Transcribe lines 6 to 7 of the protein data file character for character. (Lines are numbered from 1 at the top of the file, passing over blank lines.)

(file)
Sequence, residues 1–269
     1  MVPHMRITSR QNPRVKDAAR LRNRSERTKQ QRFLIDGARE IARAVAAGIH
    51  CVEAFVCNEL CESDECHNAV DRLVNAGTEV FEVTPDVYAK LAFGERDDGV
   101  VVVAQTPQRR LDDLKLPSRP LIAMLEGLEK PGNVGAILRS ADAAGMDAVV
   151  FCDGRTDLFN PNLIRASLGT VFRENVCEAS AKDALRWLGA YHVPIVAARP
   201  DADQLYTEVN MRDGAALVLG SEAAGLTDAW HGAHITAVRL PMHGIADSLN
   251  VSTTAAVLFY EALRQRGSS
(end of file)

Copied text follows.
   201  DADQLYTEVN MRDGAALVLG SEAAGLTDAW HGAHITAVRL PMHGIADSLN
   251  VSTTAAVLFY EALRQRGSS